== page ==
"So far, either these measures have not come out as quickly or have not had as much effect" as Beijing wanted, Wang said. "So I think the government, along the lines of modest easing, will do a little bit more."
Real estate poses another dilemma. The industry traditionally has been China's biggest growth driver, fueling spending on construction and home furnishings. But high housing costs divert money away from consumer spending that Chinese leaders are trying to encourage and are politically dangerous for the ruling Communist Party by eroding economic gains that underpin its claim to power.
Premier Wen Jiabao affirmed Beijing's resolve to keep most controls on real estate in place, saying in March that while prices had eased slightly from their mid-2011 highs, they were still far above "reasonable levels."
"The authorities have just not found a new industry is big enough to replace the vigor that the real estate industry had for boosting the economy," said Song Huiyong, director of research for Shanghai Centaline Property, a real estate broker.
"The authorities just want to stall for time," Song said.
Other policies used in 2008, such as subsidies for appliance purchases by rural families, have run out of steam and left producers with excess manufacturing capacity.
Beijing might be reacting too slowly, said Dariusz Kowalczyk, senior economist for Credit Agricole CIB in Hong Kong, in a report this week.
Policymakers "are increasingly looking behind the curve," Kowalczyk said. "Insistence that a growth slowdown is the price to pay for structural reforms makes sense in the long run, but — if taken too far — it threatens the medium-term growth targets."
China's struggling entrepreneurs are likely to be of little help in boosting demand as they put off investment amid plunging revenues.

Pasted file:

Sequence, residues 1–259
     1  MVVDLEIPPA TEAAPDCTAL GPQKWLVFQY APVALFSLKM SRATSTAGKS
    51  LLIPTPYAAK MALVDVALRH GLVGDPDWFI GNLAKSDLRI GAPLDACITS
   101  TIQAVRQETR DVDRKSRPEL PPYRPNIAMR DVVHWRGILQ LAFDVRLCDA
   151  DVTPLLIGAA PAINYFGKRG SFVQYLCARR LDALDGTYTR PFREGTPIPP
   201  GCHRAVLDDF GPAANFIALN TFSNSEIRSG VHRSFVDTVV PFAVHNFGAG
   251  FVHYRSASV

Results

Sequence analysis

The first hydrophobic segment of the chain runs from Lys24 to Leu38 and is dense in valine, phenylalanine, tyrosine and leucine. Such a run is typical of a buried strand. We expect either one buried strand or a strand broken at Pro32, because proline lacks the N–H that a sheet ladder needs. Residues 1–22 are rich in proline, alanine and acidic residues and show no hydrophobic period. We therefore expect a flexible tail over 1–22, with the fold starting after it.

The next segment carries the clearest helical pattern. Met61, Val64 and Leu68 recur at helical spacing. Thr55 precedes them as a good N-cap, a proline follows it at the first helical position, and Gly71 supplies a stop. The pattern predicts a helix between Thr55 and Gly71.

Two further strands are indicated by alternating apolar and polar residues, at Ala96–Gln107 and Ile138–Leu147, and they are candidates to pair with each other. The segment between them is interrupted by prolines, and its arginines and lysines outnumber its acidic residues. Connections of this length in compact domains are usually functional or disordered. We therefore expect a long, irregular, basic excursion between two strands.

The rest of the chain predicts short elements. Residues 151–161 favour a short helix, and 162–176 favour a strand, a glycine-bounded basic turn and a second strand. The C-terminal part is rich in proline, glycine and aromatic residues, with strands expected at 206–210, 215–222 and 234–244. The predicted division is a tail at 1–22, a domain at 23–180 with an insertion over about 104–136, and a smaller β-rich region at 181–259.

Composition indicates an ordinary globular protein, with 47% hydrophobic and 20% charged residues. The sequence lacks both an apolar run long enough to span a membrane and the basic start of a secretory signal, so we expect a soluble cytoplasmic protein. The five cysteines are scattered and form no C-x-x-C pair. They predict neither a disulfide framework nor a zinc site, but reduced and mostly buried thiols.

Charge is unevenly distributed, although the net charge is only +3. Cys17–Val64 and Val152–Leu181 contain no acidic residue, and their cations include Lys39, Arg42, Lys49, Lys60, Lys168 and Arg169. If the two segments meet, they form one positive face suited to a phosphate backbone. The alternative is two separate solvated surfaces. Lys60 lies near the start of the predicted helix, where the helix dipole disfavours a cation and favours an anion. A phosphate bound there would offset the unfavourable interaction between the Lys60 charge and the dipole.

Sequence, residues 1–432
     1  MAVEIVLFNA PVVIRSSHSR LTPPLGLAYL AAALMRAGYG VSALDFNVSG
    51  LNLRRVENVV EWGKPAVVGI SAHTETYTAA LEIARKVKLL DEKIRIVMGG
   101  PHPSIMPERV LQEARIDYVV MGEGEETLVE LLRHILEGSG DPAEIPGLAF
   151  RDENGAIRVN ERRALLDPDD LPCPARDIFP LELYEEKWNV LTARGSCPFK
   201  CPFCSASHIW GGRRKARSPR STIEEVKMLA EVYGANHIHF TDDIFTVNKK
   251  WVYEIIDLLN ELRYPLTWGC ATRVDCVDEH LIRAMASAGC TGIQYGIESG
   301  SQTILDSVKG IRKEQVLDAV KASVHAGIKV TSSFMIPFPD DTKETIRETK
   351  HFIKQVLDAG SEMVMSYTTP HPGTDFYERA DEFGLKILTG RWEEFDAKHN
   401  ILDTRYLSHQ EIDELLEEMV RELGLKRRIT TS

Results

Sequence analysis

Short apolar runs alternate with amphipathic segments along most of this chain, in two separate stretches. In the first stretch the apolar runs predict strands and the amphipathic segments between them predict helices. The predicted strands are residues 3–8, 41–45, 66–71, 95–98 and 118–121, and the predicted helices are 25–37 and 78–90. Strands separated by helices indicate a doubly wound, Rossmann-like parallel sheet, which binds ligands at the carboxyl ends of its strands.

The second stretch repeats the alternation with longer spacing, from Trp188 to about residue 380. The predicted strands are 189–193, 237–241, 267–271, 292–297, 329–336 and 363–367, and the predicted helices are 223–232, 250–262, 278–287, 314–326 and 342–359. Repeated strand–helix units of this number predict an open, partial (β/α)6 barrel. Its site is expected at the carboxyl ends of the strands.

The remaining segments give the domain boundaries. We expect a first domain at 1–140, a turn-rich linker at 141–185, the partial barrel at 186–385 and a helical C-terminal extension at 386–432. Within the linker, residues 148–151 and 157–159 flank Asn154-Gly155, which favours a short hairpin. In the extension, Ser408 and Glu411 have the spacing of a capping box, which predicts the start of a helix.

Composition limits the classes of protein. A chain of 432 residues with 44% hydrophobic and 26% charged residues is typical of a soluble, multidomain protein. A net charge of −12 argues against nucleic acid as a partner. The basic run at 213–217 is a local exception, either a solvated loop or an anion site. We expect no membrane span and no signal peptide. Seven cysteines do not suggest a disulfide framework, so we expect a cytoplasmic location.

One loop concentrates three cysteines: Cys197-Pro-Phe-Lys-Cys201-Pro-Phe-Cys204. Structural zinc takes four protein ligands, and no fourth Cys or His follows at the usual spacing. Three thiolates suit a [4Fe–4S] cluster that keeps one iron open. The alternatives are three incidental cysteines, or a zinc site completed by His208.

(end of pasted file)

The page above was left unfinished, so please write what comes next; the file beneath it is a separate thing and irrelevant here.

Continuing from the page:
Entrepreneurs that survived the 2008 crisis, which forced thousands of export-dependent factories to close, began to feel a new chill last autumn as global demand sagged. The slump has spread inland as domestic demand also weakens.
"We are getting fewer business inquiries. Market demand is weaker and we have less room for profit," said Gao, the manufacturer of oil equipment in Taiyuan.
Orders by foreign buyers at the spring session of the Canton Trade Fair, the country's biggest annual export sales event, were down 4.8 percent from a year earlier, the government newspaper China Daily reported.
In Wenzhou, a southeastern hub for private business, entrepreneurs cannot get credit from state banks, said Zhou Dewen, head of a small business association. That is despite a pledge by Beijing to increase private sector lending there after a wave of defaults last year by borrowers who were forced to turn to underground lenders.
"Businesspeople should brace themselves for hard times," Zhou said. "I don't think the situation will improve this year, but let's see how it will go next year."
AP researcher Fu Ting contributed to this report. Kurtenbach reported from Shanghai.
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